attachment gain and reduction in pocket depth
Kaner et al (2007) showed use of metronidazole/ amoxicillin given
immediately after SRP will be more effective in resolving deep sites in
Local delivery agents including solutions, gels, fibers, chips
Smaller dosages of topical agents can be delivered inside the pocket,
Avoidance the side effects of systemic antibacterial agents
Increases the exposure of the target microorganisms to higher
concentrations, of the medication.
- Another approach to antimicrobial therapy.
- The concept, described by Quirynen et al, consists of:-
Full-mouth debridement completed in 2 appointments within a 24-hour period
The tongue is brushed with a chlorhexidine gel (1%) for 1 minute,
Mouth rinsed with a chlorhexidine solution (0.2%) for 2 minutes,
Periodontal pockets irrigated with a chlorhexidine solution (1%)
Significant reductions in periodontal pathogens up to 8 months
after therapy. P. gingivalis and T. forsythia were reduced to levels
A novel approach in the treatment of aggressive periodontitis
and difficult-to-control forms of periodontal disease.
Modulates the host response to disease.
• Modified Widman flap procedure effective in reducing PPD.
Christersson et al, 1985
• SRP Tetracycline administration MWF surgery
Lindhe & Liljenberg, 1984
Surgical Resective Therapy
Effective to reduce or eliminate pocket depth
Difficult to accomplish if adjacent teeth are unaffected, (in cases of
Careful evaluation of the risks versus the benefits of surgery must
be considered on a case-by-case basis.
• Bone grafting,
o Guided tissue regeneration using membranes,
The use of biologic modifiers &
Combinations of the above
Designed for the regeneration of steep vertical defects & have very
specific indications :- defect morphology, tooth mobility & furcation
Yukna & Sepe, reported an average defect fill of 80% with FDBA in 12
patients with LAP at re-entry after 12 months.
Evans et al evaluated a 4:1 ratio combination of -tricalcium phosphate/
tetracycline, hydroxyapatite/tetracycline or freeze-dried bone
allograft/tetracycline in patients with LAP which showed significant
decrease in defect depth & pocket depth were detected for each graft
Hydroxyapatite/tetracycline -tricalcium phosphate/ tetracycline.
1. Autogenous bone chips (Oshrains and Kaslick – 1981)
2. Osseous coagulum (Burnette and Steroark - 1969)
3. Frozen autogenous hip marrow (De Marco and Scaletter-1970)
PD reduction & clinical attachment gain significantly greater
in the PTFE membrane-treated defects than in osseous surgery
Sirirat M, Kasetsuwan J, Jeffcoat MK. Comparison between 2 surgical techniques for the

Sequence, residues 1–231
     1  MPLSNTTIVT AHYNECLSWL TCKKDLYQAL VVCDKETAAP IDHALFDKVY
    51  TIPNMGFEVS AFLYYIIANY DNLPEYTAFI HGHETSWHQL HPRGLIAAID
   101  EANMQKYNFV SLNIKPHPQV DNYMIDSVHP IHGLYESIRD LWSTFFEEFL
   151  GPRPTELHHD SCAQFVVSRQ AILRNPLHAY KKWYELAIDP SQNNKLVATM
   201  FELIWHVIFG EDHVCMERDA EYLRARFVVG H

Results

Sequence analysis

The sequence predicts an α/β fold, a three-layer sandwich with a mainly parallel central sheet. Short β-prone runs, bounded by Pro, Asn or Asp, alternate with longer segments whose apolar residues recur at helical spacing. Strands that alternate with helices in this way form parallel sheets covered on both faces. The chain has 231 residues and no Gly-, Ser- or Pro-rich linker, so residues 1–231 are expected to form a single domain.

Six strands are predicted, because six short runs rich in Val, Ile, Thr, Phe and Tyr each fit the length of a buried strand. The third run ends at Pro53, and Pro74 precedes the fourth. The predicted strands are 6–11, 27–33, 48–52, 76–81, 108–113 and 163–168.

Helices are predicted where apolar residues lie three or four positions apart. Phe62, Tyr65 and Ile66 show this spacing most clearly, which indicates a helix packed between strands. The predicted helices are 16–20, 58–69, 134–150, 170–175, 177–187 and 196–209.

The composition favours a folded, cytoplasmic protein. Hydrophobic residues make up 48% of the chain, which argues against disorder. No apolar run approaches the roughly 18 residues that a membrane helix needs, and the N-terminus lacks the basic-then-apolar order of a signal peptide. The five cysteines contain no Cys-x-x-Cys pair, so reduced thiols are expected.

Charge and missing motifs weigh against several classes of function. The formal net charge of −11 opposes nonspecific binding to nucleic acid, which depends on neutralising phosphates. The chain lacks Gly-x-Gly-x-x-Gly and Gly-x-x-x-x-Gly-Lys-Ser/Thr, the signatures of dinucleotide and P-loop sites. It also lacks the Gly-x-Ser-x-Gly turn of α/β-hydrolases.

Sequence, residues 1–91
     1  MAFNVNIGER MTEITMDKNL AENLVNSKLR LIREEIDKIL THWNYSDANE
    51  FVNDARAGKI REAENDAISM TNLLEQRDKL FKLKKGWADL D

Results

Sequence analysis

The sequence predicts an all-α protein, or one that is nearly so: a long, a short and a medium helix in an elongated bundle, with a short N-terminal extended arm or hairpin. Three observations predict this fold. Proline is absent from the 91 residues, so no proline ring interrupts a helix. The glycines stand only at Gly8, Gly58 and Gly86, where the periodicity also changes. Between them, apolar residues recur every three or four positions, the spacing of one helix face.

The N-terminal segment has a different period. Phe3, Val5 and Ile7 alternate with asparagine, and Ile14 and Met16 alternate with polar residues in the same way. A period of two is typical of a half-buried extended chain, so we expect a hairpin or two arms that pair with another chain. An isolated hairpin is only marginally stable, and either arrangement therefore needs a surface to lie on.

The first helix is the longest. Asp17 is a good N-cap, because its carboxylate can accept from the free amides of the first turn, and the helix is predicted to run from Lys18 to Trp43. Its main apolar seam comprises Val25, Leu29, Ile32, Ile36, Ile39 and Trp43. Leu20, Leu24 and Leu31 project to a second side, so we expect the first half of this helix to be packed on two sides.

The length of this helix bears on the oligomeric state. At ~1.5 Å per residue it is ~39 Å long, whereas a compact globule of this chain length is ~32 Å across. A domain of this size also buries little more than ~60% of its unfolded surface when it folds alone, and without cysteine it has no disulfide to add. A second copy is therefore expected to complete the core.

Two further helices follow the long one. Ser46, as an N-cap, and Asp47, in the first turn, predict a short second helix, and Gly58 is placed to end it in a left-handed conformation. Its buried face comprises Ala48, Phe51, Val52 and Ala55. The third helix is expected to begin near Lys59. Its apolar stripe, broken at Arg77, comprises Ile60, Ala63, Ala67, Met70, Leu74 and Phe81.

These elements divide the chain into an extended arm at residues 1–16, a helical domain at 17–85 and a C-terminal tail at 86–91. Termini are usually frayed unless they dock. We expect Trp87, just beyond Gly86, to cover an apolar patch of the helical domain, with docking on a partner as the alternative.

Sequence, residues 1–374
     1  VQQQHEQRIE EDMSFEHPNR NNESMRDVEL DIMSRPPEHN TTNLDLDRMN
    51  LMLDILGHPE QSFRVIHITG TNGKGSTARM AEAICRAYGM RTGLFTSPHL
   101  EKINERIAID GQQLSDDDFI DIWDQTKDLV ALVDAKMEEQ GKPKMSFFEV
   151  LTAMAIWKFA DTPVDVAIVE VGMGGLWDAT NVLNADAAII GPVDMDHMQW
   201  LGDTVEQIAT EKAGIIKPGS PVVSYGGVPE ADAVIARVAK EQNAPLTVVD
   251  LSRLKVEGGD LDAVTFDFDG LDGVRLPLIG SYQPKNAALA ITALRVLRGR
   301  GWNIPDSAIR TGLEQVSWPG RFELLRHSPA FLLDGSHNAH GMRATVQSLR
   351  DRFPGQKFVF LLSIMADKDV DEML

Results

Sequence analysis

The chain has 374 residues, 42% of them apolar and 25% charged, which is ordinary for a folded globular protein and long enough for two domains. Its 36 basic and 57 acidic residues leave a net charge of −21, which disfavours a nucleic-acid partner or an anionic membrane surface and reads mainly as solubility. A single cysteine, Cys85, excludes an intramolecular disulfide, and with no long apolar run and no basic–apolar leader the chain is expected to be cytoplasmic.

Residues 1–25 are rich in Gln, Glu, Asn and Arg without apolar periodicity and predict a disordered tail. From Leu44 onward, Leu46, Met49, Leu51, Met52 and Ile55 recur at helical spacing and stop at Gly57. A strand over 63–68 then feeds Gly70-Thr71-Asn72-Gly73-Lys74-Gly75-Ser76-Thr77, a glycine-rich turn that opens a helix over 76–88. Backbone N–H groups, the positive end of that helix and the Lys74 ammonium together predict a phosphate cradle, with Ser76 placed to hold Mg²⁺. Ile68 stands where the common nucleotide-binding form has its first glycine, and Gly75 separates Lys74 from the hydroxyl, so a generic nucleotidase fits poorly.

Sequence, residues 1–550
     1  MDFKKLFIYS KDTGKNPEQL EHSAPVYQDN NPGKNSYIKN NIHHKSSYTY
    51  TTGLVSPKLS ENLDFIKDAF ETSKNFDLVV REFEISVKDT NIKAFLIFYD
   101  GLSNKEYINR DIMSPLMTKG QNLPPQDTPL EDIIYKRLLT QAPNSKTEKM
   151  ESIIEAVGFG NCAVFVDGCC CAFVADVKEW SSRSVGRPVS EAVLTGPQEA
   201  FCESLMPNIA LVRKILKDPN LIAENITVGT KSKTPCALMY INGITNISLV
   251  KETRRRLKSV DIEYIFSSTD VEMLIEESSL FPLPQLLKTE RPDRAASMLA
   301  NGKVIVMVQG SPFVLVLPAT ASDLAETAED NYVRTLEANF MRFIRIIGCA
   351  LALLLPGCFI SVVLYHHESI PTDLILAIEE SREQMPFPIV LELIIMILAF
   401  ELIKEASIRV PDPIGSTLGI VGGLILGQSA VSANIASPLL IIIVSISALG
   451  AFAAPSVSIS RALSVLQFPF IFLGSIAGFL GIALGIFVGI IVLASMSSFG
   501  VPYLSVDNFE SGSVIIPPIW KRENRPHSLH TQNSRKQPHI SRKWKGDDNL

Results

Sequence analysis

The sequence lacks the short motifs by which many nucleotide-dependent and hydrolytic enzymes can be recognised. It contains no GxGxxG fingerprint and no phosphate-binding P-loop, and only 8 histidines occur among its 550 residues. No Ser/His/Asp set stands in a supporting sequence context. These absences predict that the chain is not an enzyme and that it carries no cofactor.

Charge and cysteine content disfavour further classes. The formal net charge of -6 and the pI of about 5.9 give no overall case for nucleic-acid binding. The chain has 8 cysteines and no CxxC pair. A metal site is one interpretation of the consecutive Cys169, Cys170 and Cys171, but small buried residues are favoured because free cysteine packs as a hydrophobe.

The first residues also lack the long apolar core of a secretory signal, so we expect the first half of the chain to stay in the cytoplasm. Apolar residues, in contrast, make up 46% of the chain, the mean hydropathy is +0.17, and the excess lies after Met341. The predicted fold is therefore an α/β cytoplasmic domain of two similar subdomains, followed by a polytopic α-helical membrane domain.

treatment of early-onset periodontitis. J Periodontol 1996:67: 603–607
Guided tissue regeneration
Esposito et al(2003) reported that use of emdogain can improve clinical
attachment level(1.3mm) and reduction in probing depth(1.0mm) compared
to flap debridement alone.
Enamel matrix proteins
Study by Rafael R. de Oliveira et al (2009) concluded that PDT and
SRP showed good results in the treatment of aggressive periodontitis.
Ozonized water in treatment of AP
Effect of ozonized water on oral microorganisms & dental plaque was
studied by Nagayoshi et al., (2002).
Useful in reducing the infections caused by oral microorganisms in
Ramzy et al assessed the clinical and antimicrobial effect of ozonized
water in management of aggressive periodontitis, found that ozone
has a potent antibacterial effect explained by the fact that it causes
disruption of the envelope integrity through peroxidation of
The duration between recall visits should be usually short during
the period after completion of therapy, generally no longer than 3-
Monitoring as frequently as every 3 - 4 weeks may be necessary
when the disease is thought to be active.
If signs of disease activity and progression persist despite
therapeutic efforts, frequent visits and good patient compliance,
microbial testing may be indicated.
Aggressive periodontitis is the multifactorial, severe, & rapidly
progressive form of periodontitis, which primarily but not
exclusively affects younger patients where the amount of
destruction manifested is not commensurate with the amount of
Surgery and tetracycline is the best option for treatment as
the procedure involves the removal of granulation and connective
tissue infected with Aggregatibacter actinomycetemcomitans.
Carranza, 10th & 12th Edition
Albandar, J. M. (2014), Aggressive periodontitis: case definition and
diagnostic criteria. Periodontology 2000, 65: 13–26.
Könönen, E. and Müller, H.-P. (2014), Microbiology of aggressive
periodontitis. Periodontology 2000, 65: 46–78.
Kulkarni, C. and Kinane, D. F. (2014), Host response in aggressive
periodontitis. Periodontology 2000, 65: 79–91.
Teughels, W., Dhondt, R., Dekeyser, C. and Quirynen, M. (2014),
Treatment of aggressive periodontitis. Periodontology 2000,